Rebellion Day 3

The Boomtown Rats were Eire’s best ever popular music band…Eire’s Best Pop Band. That’s a bigger compliment that it might appear at first.

Few areas of human endeavour are more competitive than pop music. So mane people want a hit single or to be a pop star: so few get there.

Since it is so competitive you have to be single-minded to get there. And Bob Geldof embodies single-mindedness,

The Boomtown Rats were pop in the way that other brilliant tunesmiths of the punk/new wave era were: XTC, Squeeze and even Elvis Costello.

But the Rats were from Eire and Eire didn’t have pop bands…especially not pop bands with international appeal. That makes them really significant in Ireland’s culture. They broke with the past and the consensus: that makes them revolutionaries.

They were cranked up on Dr Feelgood and dug deeper back into the Blues of John Lee Hooker…and both are clearly heard in their set in a Blaclpool ballroom full of 40 years of punk survivors.

They also drew from Thin Lizzy’s pop smarts…Van Morrison and Springsteen’s late 20th Century troubadour style…the best of glam rock’s stomping beat in a ballroom blitz. And the swagger of Jagger.

Beyond Ireland that May not have seen remarkable…yet in Ireland it was transgressive and daring. Naturally being single-minded might lose you admirers as it wins you fans…and that is for another time.

The band were tight and punchy and went down surprisingly well for a band that don’t fit comfortably into punk history.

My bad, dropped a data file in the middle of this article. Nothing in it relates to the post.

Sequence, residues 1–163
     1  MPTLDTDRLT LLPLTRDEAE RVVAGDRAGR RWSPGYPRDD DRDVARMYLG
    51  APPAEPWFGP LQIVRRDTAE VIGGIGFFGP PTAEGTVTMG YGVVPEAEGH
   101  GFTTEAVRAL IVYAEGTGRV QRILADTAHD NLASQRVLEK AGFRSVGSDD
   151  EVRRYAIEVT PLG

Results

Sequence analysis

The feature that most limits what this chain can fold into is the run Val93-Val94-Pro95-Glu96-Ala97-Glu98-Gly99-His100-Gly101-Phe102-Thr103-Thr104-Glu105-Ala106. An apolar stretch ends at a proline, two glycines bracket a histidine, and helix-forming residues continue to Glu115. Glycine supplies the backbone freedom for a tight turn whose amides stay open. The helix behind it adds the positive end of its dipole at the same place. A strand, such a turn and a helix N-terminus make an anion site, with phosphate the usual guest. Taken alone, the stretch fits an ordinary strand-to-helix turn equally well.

She’s So Modern launched a set preceded by Hugh Cornwall, half of whose really great set was comprised of Stranglers’ songs. The Rats then charged through hits including: Like Clockwork, Someone’s Looking At You, I Don’t Like Mondays (which featured a raucous singalong by the massed choir assorted generations of punks and skins and crusties! It also featured a literally heart-stopping moment in pop music terms: the band standing still and silent poised to continue, teasing the crowd..in control if the crowd…but only by the slightest thread!). Mary of the Fourth Form was also included before the set concluded with Looking After Number One and Rat Trap.

Can any other Irish pop band pull as many original songs out of their back catalogue and deliver them with conviction and intensity?

Being Bob and the Rats this was a show….the final burst was a pre-recorded chant of The Boomtown Rats over a pulsing dance-beat…very AC/DC meets X-Factor…perhaps ironic!

If the band got cheers they also got the loudest boos of the festival: Geldof yelled mid-set: we are the Boomtown Rats…we are Mega!…you (the audience) are dressed an in black uniform of t-shirts with shit bands written on them….I am wearing a fuck-off suit of fake snakeskin!

It was perhaps irony…yet what other performer would dare such an outburst at the audience?

In 1977 the Rats screamed that Ireland could be changed…more doubted them than believed them….40 years later it is clear that Ireland has changed…..beyond imagining….it appears the Geldof and the Rats were right after all!

Huge Highlights: